Feature Article - January 2007
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Beyond the Lap Lane

Get more people in the pool with fresh aquatic programming for adults

By Stacy St. Clair



Into the water

In terms of aquatic programming, there's one simple rule: If it can be done on land, it can be done in the water.

Tai chi, Spinning, jogging, even weightlifting. They all have been adapted for the pool.

"Just as land classes are diversifying, so are aquatics classes," Chewning explained. "Water follows the land trends. It's more than just water-walking. It's water kickboxing as well, which is a really good modality."

Ideally, facilities will have two pools in which to conduct classes. One should be a warm-water pool for therapeutic programming, and the other can be used for high-level fitness classes.

However, aquatic centers without these amenities should not despair. There are still plenty of options. First take a look around at your land classes and see what's being offered there. Are the weight training and Pilates classes filled? Experts suggest looking for ways to convert them into an aquatic option.

Several facilities have begun offering Aqua-Tri programs, which includes swimming, water jogging and riding a water bike. The classes attract hard-core triathletes looking to do some resistance training, as well as curious patrons looking to test the triathlon waters, so to speak.

Pool managers also can glean great ideas from the Aquatic Exercise Association. The organization has a wealth of information on classes and choreography. Some of its most inspired suggestions include abdominal workouts and "Combat Aqua," which combines kickboxing and water aerobics.

The AEA has information on how to conduct water-noodle-based and children's classes. It also can provide detailed instruction on how to provide special classes for breast cancer survivors, fibromyalgia sufferers and arthritic patrons.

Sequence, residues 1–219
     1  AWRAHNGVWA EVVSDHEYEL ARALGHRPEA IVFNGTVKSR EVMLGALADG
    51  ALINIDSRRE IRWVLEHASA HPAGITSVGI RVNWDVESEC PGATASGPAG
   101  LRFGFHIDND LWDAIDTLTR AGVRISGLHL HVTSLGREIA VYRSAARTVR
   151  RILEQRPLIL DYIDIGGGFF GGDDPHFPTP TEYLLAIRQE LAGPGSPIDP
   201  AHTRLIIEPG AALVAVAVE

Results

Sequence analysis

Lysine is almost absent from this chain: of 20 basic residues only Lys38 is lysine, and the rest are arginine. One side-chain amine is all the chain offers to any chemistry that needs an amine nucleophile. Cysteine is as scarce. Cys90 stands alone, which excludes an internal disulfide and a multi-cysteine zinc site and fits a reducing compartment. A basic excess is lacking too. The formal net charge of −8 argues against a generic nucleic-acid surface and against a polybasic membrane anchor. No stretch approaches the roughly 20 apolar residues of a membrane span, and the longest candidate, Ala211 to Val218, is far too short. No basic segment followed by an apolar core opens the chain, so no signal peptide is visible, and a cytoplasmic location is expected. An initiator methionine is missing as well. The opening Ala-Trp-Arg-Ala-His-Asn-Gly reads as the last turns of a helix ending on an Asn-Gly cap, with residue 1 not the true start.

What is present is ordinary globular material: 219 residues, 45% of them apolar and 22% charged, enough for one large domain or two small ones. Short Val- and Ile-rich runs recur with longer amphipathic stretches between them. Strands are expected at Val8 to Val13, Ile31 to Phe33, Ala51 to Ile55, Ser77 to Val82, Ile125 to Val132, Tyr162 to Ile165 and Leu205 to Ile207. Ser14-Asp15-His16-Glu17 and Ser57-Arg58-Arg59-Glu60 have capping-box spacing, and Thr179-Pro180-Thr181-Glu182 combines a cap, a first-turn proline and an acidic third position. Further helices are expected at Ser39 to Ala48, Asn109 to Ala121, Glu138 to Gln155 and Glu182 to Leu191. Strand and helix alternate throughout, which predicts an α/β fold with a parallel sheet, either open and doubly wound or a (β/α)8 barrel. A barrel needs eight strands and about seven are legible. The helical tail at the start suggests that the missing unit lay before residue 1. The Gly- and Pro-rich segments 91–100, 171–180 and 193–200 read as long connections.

Experts also advise checking with aquatic vendors for class suggestions. Many have created programs to complement their latest products and could offer invaluable thoughts on how to liven up programming.

"Exercise equipment for use specifically in the pool is being manufactured now," Chewning said. "The possibilities are endless."

It's also important to think of programming in terms of appealing to niche groups, Chewning suggested. Pregnant women, for example, are faithful participants in aquatic classes because of the health benefits and stress relief provided.

In addition to the universal advantages such as cardiovascular fitness and energy boosts, expectant mothers have other reasons to take to the pool. For example, breast growth and abdominal stretching change a woman's center of gravity during pregnancy. This means an increase in back pain and sciatica, pressure on the long nerve passing down the back of the leg.

Pregnancy also can cause laxity and mobility in joints, which increases the chances of injury to knees, hips and ankles. The zero-impact nature of water significantly reduces the chances of a mom-to-be injuring herself during class.

Aquatic exercise also helps battle water retention by burning calories and through the pressure exerted by the pool's water against the skin. Even better, it's a viable fitness option throughout the entire nine months of pregnancy.

"It's great for pregnant women," Chewning said. "It relieves back pain, reduces water retention and doesn't place any stress on the joints. It's just a fabulous option."

In addition to catering to pregnant women, today's hottest trends delve into the mind-body genre. Water yoga, Pilates, tai chi and stretching all have become popular exercise options because the pool adds to the relaxing experience that draws people to the land classes.

"It's the biggest trend in the industry today," Chewning said. "It's great because there's a lot less stress on the joints."

Personal aquatic training also has become more popular, but Chewning stresses that not all land instructors are automatically qualified to teach in the water. In fact, the AEA requires six months of practical teaching experience before sitting for an examination.

Instructors planning to work with special populations or in specialized formats must complete additional training. All AEA-certified teachers must maintain CPR training, water safety and first-aid training.

"There are a lot of jobs coming open for physical therapists who have experience in the water," Chewning said. "But it's important to remember that not just anyone is qualified to teach in the water. You need to have trained professionals."